The U.S. Department of Labor (the “DOL”) recently finalized a regulation (the “Final Regulation”) regarding a safe harbor under the Employee Retirement Income Security Act of 1974, as amended (“ERISA”) for the investment of plan assets and certain default investment options that qualify as “qualified default investment alternatives (“QDIAs”). The safe harbor protects the plan fiduciary from fiduciary liability when selecting an investment for a plan participant or beneficiary who fails to choose his or her own investment under a defined contribution plan, such as a 401(k) plan, provided that the conditions set forth in the Final Regulation, as discussed below, are satisfied.
Significantly, plan fiduciaries remain responsible for the prudent selection and monitoring of the QDIA. The Final Regulation is effective December 24, 2007. However, any plan fiduciaries who wish to take advantage of the protections provided in the Final Regulation, must take action as soon as possible, including providing certain advance notice to participants and beneficiaries concerning the investments that may be made on their behalf.
Safe Harbor Conditions Established
The Final Regulation imposes the following six conditions for relief from fiduciary liability:
- QDIA Investment. The assets invested on behalf of the participants or beneficiaries who have not provided an investment direction must be invested in a QDIA (as described below).
- Investment Direction Opportunity. The participant or beneficiary on whose behalf the investment is being made must have been given the opportunity to direct the investment of assets in his or her account but have failed to do so.
- Notice Requirement. Both an initial notice and an annual notice must be provided to participants and beneficiaries informing them of the QDIA. The initial notice must be provided at least 30 days in advance of plan eligibility, or at least 30 days in advance of any first investment for the participant in the QDIA. With respect to automatic enrollment plans, the initial notice may be provided on or before the date of plan eligibility if the plan permits participants to make a penalty-free withdrawal of all automatic contributions within the 90-day period following the initial contribution. The annual notice must be provided at least 30 days in advance of the plan year. Generally, the Final Regulation does not permit either the initial notice or annual notice to be combined into another plan-related document, such as the summary plan description, though the notices may be distributed in conjunction with other disclosures or notices to plan participants or beneficiaries. However, the initial notice and annual notice may be combined with the notice applicable to automatic contribution arrangements. The Final Regulation also requires the initial notice and annual notice to include the following information:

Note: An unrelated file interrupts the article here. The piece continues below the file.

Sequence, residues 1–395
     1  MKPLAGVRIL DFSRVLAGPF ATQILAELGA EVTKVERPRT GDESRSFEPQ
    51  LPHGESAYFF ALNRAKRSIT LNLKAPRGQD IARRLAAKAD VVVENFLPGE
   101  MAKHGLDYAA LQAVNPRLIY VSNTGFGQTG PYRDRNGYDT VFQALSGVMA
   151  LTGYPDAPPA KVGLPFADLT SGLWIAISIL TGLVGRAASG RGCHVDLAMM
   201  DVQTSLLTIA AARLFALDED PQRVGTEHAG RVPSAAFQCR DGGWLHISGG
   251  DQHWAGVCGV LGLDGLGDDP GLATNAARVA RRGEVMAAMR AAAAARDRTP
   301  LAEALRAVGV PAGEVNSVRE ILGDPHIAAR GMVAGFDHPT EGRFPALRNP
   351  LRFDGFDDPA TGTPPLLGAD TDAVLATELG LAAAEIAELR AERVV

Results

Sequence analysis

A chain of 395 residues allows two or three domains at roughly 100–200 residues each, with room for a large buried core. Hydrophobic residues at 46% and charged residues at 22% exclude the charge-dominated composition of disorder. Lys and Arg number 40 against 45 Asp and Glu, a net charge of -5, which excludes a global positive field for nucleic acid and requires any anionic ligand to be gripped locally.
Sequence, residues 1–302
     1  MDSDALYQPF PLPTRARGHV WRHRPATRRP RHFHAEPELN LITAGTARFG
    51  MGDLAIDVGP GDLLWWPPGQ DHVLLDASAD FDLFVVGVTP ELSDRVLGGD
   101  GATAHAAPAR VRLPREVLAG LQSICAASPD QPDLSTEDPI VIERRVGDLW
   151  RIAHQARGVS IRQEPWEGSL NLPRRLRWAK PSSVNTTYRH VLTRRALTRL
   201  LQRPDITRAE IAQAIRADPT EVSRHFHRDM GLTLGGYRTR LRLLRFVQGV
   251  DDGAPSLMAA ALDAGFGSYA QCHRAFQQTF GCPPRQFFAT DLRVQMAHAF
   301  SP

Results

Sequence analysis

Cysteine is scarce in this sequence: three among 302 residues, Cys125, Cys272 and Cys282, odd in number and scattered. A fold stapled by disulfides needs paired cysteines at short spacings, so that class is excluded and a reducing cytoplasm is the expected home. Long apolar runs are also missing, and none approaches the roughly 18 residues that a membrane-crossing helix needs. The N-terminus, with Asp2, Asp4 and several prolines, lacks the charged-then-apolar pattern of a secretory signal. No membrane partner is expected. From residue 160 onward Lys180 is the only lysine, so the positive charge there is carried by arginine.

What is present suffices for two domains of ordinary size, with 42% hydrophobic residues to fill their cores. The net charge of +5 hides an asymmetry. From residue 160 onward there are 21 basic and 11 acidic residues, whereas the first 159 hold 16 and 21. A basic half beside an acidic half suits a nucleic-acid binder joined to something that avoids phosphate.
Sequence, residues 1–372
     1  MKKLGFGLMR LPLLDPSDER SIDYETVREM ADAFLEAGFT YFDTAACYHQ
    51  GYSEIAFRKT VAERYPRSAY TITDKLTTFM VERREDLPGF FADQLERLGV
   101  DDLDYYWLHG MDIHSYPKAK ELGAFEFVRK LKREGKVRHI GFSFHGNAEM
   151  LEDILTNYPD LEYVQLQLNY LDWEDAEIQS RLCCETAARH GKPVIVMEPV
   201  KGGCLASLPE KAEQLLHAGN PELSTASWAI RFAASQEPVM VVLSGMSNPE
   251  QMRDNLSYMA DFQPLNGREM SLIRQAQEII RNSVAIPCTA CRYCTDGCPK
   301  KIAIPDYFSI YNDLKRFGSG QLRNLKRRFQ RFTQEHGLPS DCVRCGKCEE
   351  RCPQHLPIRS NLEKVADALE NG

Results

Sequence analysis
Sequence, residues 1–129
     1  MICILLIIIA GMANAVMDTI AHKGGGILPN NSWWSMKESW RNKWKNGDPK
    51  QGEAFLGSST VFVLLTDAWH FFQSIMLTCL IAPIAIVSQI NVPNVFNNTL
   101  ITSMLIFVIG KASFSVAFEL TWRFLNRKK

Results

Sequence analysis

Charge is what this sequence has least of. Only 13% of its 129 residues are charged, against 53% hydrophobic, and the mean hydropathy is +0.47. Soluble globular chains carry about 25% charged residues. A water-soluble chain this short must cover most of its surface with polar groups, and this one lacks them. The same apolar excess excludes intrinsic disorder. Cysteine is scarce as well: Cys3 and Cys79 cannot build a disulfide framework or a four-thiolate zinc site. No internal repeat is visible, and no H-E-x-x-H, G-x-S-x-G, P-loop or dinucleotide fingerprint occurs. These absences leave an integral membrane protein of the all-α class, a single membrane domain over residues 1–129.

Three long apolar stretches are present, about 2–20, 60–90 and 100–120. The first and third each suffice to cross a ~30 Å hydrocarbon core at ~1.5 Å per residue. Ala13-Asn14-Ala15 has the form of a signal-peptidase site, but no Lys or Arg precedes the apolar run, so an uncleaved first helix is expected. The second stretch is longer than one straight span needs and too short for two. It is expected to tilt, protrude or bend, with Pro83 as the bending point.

4. Delivery of QDIA Materials. Materials, such as investment prospectuses, provided to the plan with respect to the QDIA must be given to participants and beneficiaries who have been defaulted into the QDIA.
5. Opportunity to Transfer Plan Assets Without Penalty. Plan participants or beneficiaries who are defaulted into a QDIA must be given the opportunity to direct investments out of a QDIA with the same frequency as is available for other plan investments (but no less frequently than quarterly). In addition, such participants and beneficiaries may not have any restrictions, fees or expenses (other than investment management and other types of ongoing fees and expenses) imposed during the first 90 days of their initial default investment in the QDIA. After such 90-day period, such plan participant and beneficiary may be subject to the same restrictions, fees or expenses as are applicable to other plan participants and beneficiaries.